Crispy lamb salad

This crispy lamb salad can be easily scaled up for big numbers, and will sit happily waiting to be eaten

Cuisine: Salad

Course: Main

Serves: 6-8

Cooking time:


This crispy lamb salad can be easily scaled up for big numbers, and will sit happily waiting to be eaten

You know when you hanker after a certain dish that you see every now and then in a cookbook, but when you look at the length of time it takes to cook, or the five million steps you have to go through, you have a change of heart? The candied and pulled pork that taunts me in US restaurateur David Chang’s book looks pretty amazing, but the effort and time it takes seems too much for home cooking. Best leave that one to the professionals.

Sometimes I see lamb dishes like that, piled into some pita bread, and you imagine how wonderful it would taste, but attempts can be less successful.

However, I was gazing recently at a lamb and couscous salad from Heston Blumenthal and I liked the basic principles. Needless to say, I eliminated plenty of the prep and did a final bit of roasting and grilling that gave the lamb a crisp, caramelised edge that made it unbelievably moreish. The dish resembled the crispy duck you get in Chinese restaurants, but not as fatty, and much tastier.

Giant couscous is a great starchy salad that is well worth trying. It holds up well to strong flavours and doesn’t seem to suck all the flavours out of everything around it.

I brought this dish over to a friend’s house for dinner and it held up well, sitting out for most of the evening and it still held its flavour together. I had been hoping to bring the lamb remains home to eat in a pita bread, soaked with delicious tzatziki and some sort of chopped Greek salad and maybe a big blob of hummus, but my friend’s husband took the leftovers upstairs to his office and scoffed the lot, on the pretence that he didn’t want to disturb us ladies.

Lamb shanks are ideal to use once you cook them for long enough, pull the meat away, douse it with seasonings and grill the heck out of it. Long, slow cooking means all the fat and collagen break down. But be warned. Keep cooking until the meat really is falling off the bones. The second time I made this, they took two hours longer to cook than the first time. So start this the day before you want to eat it – at least the simmering part.

The salad is very quick to throw together, but you need to allow anything between three and five hours for the lamb to become tender enough.



At least 2.5 litres chicken stock

4 lamb shanks

Sprigs rosemary

Olive oil

1-2 tsp mild curry powder

Pinch chilli flakes

Squeeze honey


Cook the lamb shanks in the chicken stock with the rosemary in a large saucepan with a lid – bring up to gentle simmer and cook on the stove for at least three hours. You can turn them over every 30 minutes or so, making sure they are well submerged. If you need to add more water, then do. You can also skim away any scum that appears on the surface. Make sure it is gently simmering rather than boiling rapidly. The meat should pull away with no effort when it’s cooked, so let nature and cooking take its course.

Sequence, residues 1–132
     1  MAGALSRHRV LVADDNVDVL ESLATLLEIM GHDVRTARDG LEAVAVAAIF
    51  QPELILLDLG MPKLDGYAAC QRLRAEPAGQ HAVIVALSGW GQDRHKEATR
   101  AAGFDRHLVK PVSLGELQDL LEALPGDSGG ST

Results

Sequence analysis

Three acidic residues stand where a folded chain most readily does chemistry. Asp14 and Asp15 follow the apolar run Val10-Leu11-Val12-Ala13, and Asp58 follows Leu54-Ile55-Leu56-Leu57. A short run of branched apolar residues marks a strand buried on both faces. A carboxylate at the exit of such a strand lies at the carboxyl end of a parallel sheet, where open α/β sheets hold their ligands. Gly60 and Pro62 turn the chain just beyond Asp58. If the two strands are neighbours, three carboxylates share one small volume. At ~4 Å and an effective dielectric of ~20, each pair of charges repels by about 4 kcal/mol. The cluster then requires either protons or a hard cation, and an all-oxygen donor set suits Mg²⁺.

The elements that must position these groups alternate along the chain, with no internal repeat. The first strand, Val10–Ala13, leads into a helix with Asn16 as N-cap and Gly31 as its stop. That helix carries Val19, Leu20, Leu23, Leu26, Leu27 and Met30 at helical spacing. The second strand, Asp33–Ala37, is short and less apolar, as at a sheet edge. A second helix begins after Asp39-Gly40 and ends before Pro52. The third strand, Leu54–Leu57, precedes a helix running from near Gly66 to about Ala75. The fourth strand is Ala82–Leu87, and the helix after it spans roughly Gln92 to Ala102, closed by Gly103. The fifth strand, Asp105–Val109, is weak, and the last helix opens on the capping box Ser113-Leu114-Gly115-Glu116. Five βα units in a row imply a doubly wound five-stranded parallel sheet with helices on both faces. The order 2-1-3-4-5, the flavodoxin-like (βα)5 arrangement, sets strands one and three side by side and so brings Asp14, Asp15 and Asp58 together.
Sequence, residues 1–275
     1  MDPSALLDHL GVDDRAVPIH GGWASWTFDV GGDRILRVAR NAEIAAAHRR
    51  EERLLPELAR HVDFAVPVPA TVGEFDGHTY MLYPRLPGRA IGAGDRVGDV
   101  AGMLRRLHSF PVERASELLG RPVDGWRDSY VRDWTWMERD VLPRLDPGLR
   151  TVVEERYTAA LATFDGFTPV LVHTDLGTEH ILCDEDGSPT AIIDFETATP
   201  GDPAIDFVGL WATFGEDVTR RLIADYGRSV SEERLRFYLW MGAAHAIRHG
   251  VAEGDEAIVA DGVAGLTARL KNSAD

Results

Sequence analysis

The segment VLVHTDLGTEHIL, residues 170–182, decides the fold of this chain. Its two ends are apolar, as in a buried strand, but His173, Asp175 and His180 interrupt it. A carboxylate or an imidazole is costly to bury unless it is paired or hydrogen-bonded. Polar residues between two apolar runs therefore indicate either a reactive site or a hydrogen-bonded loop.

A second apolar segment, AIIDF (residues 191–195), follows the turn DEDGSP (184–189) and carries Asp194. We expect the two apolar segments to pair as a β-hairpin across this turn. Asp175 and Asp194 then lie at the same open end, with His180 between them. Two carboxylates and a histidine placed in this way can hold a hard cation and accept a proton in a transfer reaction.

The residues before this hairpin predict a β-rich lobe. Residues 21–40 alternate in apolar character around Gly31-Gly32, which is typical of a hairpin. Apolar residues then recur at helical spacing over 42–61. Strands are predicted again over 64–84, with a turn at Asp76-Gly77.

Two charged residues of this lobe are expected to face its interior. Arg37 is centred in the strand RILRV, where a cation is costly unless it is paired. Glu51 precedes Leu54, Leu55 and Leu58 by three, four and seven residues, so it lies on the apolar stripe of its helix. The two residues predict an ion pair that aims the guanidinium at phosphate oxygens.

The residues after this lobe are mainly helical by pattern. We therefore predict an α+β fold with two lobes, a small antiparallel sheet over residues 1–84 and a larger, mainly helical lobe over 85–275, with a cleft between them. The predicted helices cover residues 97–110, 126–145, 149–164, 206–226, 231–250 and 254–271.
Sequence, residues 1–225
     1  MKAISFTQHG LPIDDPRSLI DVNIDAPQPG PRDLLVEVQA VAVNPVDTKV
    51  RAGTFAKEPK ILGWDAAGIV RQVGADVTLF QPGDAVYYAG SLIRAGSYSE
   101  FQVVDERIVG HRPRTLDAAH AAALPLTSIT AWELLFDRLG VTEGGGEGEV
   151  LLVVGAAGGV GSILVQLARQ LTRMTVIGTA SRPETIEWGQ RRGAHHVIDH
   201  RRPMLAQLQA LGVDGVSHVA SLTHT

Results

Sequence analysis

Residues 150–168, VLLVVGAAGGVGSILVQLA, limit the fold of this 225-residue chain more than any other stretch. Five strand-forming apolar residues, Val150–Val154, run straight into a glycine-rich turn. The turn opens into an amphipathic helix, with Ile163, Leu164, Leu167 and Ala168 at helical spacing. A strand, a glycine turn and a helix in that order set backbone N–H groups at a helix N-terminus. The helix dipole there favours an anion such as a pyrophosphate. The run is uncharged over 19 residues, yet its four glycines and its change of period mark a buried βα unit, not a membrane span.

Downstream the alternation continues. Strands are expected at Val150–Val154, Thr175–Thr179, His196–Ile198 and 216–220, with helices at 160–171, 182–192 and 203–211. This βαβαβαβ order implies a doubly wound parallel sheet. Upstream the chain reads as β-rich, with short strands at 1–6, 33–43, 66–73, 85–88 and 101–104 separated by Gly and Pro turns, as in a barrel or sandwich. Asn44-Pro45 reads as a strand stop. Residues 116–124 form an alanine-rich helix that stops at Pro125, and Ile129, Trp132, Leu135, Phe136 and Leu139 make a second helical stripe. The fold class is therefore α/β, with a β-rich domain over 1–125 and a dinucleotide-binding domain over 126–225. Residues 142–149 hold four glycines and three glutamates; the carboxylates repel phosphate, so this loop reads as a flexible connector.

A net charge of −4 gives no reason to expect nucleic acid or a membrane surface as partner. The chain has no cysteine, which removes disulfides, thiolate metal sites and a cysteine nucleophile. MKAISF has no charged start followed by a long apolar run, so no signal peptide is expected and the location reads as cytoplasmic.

When the meat is genuinely falling off the bones, let them settle down and cool down a little. Put them in a large roasting pan, discard the stock and shred the meat off the bone, probably using a fork. You can discard any really fatty bits. But you will be amazed how much meat there is.

Drizzle the lamb generously with olive oil, some salt and pepper, chilli flakes, curry powder and a good squeeze of honey. Toss and mix around in the roasting tin. You can let it cool down at this stage and then refrigerate overnight, or keep going by preheating an oven to 200 degrees/gas 6 and roasting it for about 20 minutes or so, uncovered.

You’ll have to remove it from the oven and mix it around so that it crisps up evenly. You may well find your grill is helpful and adding more honey will crisp and caramelise it even further. Just remember to balance out the sweetness with some salt and pepper. Serve warm in a big bowl alongside the salad or mix through the couscous salad.



1 large onion, peeled and diced

Splash olive oil

400g giant couscous

Very large bunch of each: parsley, coriander, basil

2-3 pomegranates


100ml olive oil

50ml sherry vinegar

3 tsp Dijon mustard

Good squeeze of honey

2 cloves garlic, peeled and crushed

Salt and pepper


In a large heavy-based saucepan, sweat the onion in the olive oil until soft, but not coloured. Add the couscous and mix well so that the grains get coated and take on a bit of flavour. Season them well. Add plenty of boiling water, bring to the boil and then cook for about 10 minutes. Check the instructions on the pack, but it’s usually 10-12 minutes. Drain the couscous well, then tip it into a large bowl and lightly mix with a fork.

Mix the ingredients for the dressing together and pour on to the couscous. Season very well.

At this stage, you can mix it with some of the crisp lamb, but if you are eating it as a salad, let it cool down and then add the pomegranate juice and seeds which will sweeten and cool it down further. Taste and then add the chopped herbs. You can adjust the seasoning further by adding some lemon juice or more sherry or red wine vinegar. This salad is best served at room temperature.

DOMINI RECOMMENDS:Great to see Blazing Salads bread back in well-stocked stores, especially their delicious rye bread. I saw it in Donnybrook Fair, Dublin 4. You can also buy it at the Blazing Salads store on Drury Street, Dublin 2